How to School Selection work?

What happens if I don’t get my dream school?

Coming to the United States, you might have an idea of what schools are considered the “best” in the country. Rightfully so, you may also have aspirations to attend one of these schools. It’s important, however, to realize that outside of the top 10-20 schools, ranking might not matter as much as you think.

School rankings factor in details such as the number of international students who apply/enroll. This means that rankings can be heavily inflated due to reasons not necessarily related to academics or prestige.   

When it comes to finding a job after graduation, employers tend to hire from universities in their region, so they can save time and money. Take Arizona State University for example. It is a very good school and a popular choice by many students. While on paper this is a great school,  students should also heavily consider what companies have a presence in the Phoenix area as that is where they may be most likely to be hired. 

Especially for international students, it’s key to note which schools have companies in the area that offer great OPT and H1B visa opportunities. Different regions are known for different specializations. For example, the Pacific Northwest is a hotbed for tech jobs, while the Midwest is known to be a powerhouse in the manufacturing sector.

The U.S. is huge, even bigger than India geographically, so it’s crucial to research local economies and who is hiring from schools in the area. If you don’t necessarily get into your dream school, there’s plenty of universities that offer a prestigious education and a plethora of job opportunities post graduation, even if they might not have a certain rank that tells you so.

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School Selection

Making the choice to study in the U.S. is difficult on its own. Choosing exactly what school you want to go to is even more stressful. And getting into that school is just another obstacle in the way.

You probably have a plethora of options in mind about what schools you would want to attend. This may be based on which schools you believe will provide the best education or job opportunities or it might be simply based on what you’ve heard to be the best schools from peers or family.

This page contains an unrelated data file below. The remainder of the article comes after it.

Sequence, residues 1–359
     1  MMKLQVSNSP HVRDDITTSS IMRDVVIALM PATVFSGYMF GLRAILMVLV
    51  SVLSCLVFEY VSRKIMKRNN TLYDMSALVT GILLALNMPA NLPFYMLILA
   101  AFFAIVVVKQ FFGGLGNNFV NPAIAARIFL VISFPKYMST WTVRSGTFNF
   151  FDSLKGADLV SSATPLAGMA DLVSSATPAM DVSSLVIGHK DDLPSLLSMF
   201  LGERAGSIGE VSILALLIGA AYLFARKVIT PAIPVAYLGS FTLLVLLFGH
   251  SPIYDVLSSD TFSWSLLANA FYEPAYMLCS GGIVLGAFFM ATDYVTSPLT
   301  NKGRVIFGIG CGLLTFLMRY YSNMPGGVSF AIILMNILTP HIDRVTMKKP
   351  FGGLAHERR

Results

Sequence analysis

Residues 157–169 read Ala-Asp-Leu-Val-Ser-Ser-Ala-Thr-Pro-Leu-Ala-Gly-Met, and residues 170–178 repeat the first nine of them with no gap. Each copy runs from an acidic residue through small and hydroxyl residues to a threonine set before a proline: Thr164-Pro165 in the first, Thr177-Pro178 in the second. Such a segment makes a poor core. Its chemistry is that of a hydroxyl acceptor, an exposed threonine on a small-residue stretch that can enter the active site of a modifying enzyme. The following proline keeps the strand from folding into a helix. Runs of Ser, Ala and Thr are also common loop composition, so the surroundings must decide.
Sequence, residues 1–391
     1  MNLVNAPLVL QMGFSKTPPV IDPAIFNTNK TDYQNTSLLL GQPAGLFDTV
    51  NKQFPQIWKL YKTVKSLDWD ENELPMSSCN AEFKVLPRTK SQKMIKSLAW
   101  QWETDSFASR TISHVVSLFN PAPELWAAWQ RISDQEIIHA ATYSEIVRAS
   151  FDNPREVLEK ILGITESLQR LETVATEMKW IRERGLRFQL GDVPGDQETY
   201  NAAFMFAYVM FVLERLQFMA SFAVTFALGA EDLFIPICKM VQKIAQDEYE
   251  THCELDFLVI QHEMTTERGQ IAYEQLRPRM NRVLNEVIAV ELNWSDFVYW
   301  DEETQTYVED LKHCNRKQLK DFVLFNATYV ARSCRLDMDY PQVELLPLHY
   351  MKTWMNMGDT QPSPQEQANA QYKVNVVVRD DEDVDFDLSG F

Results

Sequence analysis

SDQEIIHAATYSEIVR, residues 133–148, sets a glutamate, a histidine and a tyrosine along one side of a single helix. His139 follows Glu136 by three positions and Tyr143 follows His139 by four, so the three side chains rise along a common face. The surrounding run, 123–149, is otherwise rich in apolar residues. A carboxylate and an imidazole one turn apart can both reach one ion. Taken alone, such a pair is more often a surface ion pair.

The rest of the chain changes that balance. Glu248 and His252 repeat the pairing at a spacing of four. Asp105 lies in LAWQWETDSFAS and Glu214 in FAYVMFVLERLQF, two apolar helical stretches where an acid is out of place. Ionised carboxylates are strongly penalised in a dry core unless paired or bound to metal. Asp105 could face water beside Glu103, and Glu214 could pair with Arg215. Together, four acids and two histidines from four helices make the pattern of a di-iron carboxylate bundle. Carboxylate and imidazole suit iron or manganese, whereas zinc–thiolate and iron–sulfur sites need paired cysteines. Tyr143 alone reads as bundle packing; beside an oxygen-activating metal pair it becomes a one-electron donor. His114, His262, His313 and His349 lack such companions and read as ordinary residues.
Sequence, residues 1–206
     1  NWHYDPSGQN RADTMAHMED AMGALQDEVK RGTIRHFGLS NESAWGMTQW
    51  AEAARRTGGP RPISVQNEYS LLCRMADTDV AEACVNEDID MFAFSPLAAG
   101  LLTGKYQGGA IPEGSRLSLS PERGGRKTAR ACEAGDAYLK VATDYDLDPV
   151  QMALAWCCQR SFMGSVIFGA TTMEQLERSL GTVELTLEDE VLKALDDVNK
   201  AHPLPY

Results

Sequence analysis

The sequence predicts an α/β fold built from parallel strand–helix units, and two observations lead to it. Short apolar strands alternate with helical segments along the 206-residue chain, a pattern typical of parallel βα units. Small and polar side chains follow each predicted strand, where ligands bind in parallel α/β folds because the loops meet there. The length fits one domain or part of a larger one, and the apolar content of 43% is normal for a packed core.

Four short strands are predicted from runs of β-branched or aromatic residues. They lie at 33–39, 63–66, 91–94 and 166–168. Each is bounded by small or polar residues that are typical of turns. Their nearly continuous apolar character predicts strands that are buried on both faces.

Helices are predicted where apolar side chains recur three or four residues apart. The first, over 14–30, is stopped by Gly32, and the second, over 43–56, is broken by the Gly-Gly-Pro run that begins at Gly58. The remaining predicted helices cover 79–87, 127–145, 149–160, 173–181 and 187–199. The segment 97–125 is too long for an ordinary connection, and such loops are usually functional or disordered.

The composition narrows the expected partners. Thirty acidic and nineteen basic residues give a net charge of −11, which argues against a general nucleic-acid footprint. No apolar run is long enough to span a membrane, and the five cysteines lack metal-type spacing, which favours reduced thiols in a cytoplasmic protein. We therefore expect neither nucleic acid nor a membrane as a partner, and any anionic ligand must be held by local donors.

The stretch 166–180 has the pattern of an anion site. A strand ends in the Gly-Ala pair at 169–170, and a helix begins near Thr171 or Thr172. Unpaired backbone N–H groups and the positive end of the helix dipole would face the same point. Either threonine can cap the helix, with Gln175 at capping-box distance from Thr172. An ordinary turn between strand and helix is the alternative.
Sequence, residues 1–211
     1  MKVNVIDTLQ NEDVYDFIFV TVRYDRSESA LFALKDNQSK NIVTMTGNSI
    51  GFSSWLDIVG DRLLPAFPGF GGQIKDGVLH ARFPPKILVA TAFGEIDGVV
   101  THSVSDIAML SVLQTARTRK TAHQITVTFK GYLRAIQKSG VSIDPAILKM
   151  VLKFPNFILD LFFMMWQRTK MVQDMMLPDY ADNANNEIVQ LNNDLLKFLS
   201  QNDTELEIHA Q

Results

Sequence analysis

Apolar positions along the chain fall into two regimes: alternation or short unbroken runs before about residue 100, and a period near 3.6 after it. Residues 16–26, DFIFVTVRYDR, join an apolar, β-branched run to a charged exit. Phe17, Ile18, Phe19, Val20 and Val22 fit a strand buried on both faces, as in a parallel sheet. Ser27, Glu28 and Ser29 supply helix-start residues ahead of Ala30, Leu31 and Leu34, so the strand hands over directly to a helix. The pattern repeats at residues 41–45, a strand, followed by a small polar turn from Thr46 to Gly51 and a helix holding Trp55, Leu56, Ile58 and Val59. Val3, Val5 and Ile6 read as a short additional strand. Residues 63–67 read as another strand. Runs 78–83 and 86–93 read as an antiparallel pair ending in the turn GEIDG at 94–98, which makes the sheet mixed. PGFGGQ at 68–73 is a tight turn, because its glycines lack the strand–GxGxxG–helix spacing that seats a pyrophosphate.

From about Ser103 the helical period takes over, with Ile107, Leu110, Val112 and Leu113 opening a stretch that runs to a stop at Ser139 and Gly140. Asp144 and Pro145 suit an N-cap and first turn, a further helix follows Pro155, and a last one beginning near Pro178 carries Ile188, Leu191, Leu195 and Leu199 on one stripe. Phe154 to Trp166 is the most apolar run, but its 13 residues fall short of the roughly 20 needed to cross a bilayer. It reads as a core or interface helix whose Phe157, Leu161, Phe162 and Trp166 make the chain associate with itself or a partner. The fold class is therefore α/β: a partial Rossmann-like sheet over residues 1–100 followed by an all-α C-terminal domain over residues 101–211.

It’s important to carefully assess and research which schools you think will be the best fit for you, but it’s equally important to factor in your probability of getting into certain schools. Everything about your profile should be taken into account including grades, test scores, statements of purpose, and desired program when selecting a potential university as well as any personal restrictions you may have including location, budget limits, and overall prestige of where you want to attend.

You might have always desired to go to a very high ranking university, but your grades might just be shy of the threshold. This doesn’t mean don’t apply but to just consider some other options. That lesser known school might not be as popular, but may have an equally rigorous course load and potentially more job opportunities after graduation depending on the location and industry that you have chosen.

A helpful tool to help sort these schools is to do a profile evaluation. A profile evaluation is done by providing the aforementioned information to an admissions counselor and having them review  it. They will then return to you a list of universities, typically broken down into 3 categories of probability: ambitious, moderate, and safe. Having this list will then make it simpler to gauge which schools might be more attainable and which ones might require some additional effort to make your admission a reality.

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